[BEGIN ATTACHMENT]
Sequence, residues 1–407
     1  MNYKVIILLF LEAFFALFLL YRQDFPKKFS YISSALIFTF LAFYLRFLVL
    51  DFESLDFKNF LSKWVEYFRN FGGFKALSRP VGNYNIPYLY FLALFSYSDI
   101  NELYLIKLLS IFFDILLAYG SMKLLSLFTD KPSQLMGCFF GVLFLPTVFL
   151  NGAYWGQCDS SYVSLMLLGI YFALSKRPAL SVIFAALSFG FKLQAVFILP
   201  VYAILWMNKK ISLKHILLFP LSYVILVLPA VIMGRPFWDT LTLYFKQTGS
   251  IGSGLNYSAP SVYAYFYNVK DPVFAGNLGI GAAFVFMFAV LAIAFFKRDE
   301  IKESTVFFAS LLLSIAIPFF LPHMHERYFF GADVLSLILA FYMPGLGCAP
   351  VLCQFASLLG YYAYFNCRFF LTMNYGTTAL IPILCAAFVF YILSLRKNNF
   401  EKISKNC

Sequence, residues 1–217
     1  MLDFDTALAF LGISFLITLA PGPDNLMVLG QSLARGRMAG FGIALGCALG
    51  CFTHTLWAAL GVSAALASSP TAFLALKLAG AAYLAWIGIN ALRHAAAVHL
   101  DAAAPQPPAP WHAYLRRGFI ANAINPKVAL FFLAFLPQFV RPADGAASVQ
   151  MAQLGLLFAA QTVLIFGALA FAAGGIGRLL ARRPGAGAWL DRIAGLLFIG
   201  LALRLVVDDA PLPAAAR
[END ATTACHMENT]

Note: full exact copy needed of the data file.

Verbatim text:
Sequence, residues 1–407
     1  MNYKVIILLF LEAFFALFLL YRQDFPKKFS YISSALIFTF LAFYLRFLVL
    51  DFESLDFKNF LSKWVEYFRN FGGFKALSRP VGNYNIPYLY FLALFSYSDI
   101  NELYLIKLLS IFFDILLAYG SMKLLSLFTD KPSQLMGCFF GVLFLPTVFL
   151  NGAYWGQCDS SYVSLMLLGI YFALSKRPAL SVIFAALSFG FKLQAVFILP
   201  VYAILWMNKK ISLKHILLFP LSYVILVLPA VIMGRPFWDT LTLYFKQTGS
   251  IGSGLNYSAP SVYAYFYNVK DPVFAGNLGI GAAFVFMFAV LAIAFFKRDE
   301  IKESTVFFAS LLLSIAIPFF LPHMHERYFF GADVLSLILA FYMPGLGCAP
   351  VLCQFASLLG YYAYFNCRFF LTMNYGTTAL IPILCAAFVF YILSLRKNNF
   401  EKISKNC

Sequence, residues 1–217
     1  MLDFDTALAF LGISFLITLA PGPDNLMVLG QSLARGRMAG FGIALGCALG
    51  CFTHTLWAAL GVSAALASSP TAFLALKLAG AAYLAWIGIN ALRHAAAVHL
   101  DAAAPQPPAP WHAYLRRGFI ANAINPKVAL FFLAFLPQFV RPADGAASVQ
   151  MAQLGLLFAA QTVLIFGALA FAAGGIGRLL ARRPGAGAWL DRIAGLLFIG
   201  LALRLVVDDA PLPAAAR